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A painting of Chevalier d'Eon

Chevalier d'Eon: Gender non-conformity in the 18th century

'If the Chevalier's life was anything but uneventful up to this point but would be nothing to what came next when from 1777, d'Eon began to live permanently as a woman.'

In the second episode of Not What You Thought You Knew, Dr Fern Riddell discusses the life of the Chevalier d'Eon. An 18th-century French soldier, diplomat and spy, the Chevalier lived for periods of their life as both a man and a woman. They have been recognized as Europe's first openly transgender person.

Fern is joined by historian and author Dr Andrew Lear, and EJ Scott of the museum of transology to discuss the Chevalier’s amazing life. Along the way, we’ll learn about the history of gender non-conformity, the importance of celebrating trans lives throughout history and the lessons we can learn from this remarkable figure.

Who was the Chevalier D'Eon?

Born Charles-Geneviève-Louis-Auguste-André-Timothée d'Éon de Beaumont on October 5 1728, in Tonerre, a city in central France, d'Éon came from a poor yet noble family. They excelled in school and moved to Paris in 1743, graduating in civil law and canon law from the Collège Mazarin in 1749. By 1756, d'Eon had joined le secret du roi, King Louis XV's secret spy network which operated without the knowledge of government and on occasion contradicted official policy. This period of history is evoked in the heroic writings of Alexandre Dumas in The Three Musketeers.

One legend about d'Eon's clandestine adventures sees them sent on a secret mission to conspire with Empress Elizabeth of Russia. To infiltrate the court and avoid detection, d'Eon assumed the identity of the lady Lia de Beaumont, and served as a maid of honour to the Empress.

After their time as a spy and a period as the French Ambassador to Russia, d'Eon returned to France to become a captain of Dragoons, in the later stages of the 7 year-war, serving at the Battle of Villinghausen in July 1761. D'Eon was sent to London in 1763 to help draft the peace treaty that ended the conflict. They were rewarded for this service with the honorific title Chevalier which is roughly equivalent to a knight in English.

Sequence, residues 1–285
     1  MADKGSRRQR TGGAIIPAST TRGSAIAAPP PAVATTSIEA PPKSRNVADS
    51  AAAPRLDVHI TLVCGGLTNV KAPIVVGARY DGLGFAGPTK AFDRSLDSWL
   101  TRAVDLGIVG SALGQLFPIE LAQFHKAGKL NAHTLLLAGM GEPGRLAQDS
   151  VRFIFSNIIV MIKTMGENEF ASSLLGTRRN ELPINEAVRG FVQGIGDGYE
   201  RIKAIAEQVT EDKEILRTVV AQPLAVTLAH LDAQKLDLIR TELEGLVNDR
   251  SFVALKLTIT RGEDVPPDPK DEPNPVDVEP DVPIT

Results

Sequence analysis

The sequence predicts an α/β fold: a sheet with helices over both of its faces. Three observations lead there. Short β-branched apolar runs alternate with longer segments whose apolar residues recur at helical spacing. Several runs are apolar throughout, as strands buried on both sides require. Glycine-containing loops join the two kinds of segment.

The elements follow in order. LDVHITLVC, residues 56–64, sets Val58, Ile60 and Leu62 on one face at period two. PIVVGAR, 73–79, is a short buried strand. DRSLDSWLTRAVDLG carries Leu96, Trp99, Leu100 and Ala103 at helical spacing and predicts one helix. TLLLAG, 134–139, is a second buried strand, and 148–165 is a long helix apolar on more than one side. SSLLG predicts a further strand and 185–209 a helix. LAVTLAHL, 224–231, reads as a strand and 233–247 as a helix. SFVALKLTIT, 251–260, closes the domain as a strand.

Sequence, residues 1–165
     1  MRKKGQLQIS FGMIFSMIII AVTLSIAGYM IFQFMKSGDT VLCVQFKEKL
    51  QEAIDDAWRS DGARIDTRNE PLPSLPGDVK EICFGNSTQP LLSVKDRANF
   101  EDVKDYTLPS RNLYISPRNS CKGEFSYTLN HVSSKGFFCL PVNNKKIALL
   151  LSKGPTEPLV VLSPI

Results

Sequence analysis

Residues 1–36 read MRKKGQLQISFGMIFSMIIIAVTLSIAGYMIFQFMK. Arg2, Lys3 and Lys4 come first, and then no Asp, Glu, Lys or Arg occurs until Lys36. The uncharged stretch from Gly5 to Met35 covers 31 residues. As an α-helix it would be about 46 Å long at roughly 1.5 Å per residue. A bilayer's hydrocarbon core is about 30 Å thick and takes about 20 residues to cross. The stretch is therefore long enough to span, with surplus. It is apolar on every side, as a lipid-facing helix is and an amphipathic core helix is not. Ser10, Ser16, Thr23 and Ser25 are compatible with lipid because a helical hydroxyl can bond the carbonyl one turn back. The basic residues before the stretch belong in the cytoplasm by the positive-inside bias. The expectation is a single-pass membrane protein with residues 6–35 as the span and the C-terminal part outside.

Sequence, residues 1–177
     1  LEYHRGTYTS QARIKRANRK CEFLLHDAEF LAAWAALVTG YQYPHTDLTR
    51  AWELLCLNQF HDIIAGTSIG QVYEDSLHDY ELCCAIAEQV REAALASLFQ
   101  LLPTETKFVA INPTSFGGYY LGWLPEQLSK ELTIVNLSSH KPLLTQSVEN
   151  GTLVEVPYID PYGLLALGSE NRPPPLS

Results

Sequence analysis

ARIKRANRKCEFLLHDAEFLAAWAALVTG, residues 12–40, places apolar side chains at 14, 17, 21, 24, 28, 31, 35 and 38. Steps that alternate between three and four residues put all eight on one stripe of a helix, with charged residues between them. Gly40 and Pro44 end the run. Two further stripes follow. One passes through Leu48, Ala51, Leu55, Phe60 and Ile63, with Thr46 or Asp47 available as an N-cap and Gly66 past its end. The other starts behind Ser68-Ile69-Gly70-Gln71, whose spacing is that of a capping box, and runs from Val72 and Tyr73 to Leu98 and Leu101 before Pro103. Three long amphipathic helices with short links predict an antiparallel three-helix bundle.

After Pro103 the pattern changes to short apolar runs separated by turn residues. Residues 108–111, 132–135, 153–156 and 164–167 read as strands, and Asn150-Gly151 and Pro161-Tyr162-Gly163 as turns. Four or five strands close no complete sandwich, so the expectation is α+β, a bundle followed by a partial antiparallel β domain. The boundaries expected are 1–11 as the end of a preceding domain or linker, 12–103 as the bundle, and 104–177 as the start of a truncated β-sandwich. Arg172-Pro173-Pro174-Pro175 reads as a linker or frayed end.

Despite this illustrious career, the Chevalier fell foul of the French government after being posted to London as chargé d'affaires in April 1763. D'Eon felt dishonoured when a new French Ambassador arrived in London and demoted them. When recalled to France, D'Eon disobeyed orders and refused to leave. As leverage, D'Eon began publishing secret diplomatic correspondence.

D’Eon was now essentially blackmailing the French government with this collection of embarrassing correspondence, some of which was penned by King Louis XV himself. Fearful of revealing further intel, d’Eon was paid off with a 12,000-livre annuity. The once-celebrated soldier, diplomat and spy was now a political exile in a foreign land, discarded by their own country.

If the Chevalier's life was anything but uneventful up to this point but would be nothing to what came next when from 1777, d'Eon began to live permanently as a woman.

Find out more about this next chapter of the Chevalier's life and the scandal and intrigue surrounding their new life in Not What You Thought You Knew, episode 2 The Chevalier d'Éon and Gender Nonconformity.